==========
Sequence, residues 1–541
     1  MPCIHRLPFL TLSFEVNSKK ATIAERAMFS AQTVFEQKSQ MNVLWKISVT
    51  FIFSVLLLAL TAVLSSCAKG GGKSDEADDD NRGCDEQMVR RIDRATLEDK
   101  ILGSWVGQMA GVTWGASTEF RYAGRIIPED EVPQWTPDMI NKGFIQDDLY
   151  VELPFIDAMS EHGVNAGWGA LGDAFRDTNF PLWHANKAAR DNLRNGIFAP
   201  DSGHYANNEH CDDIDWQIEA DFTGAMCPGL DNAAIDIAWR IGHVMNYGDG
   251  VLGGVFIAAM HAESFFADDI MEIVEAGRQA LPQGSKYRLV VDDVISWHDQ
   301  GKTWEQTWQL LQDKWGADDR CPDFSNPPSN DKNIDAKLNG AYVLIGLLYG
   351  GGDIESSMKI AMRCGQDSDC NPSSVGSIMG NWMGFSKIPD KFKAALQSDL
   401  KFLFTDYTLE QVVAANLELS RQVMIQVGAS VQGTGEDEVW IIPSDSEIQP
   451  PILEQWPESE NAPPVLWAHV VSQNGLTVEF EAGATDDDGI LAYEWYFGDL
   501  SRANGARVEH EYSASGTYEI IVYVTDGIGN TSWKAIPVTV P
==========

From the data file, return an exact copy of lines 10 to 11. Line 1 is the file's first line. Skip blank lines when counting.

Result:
   401  KFLFTDYTLE QVVAANLELS RQVMIQVGAS VQGTGEDEVW IIPSDSEIQP
   451  PILEQWPESE NAPPVLWAHV VSQNGLTVEF EAGATDDDGI LAYEWYFGDL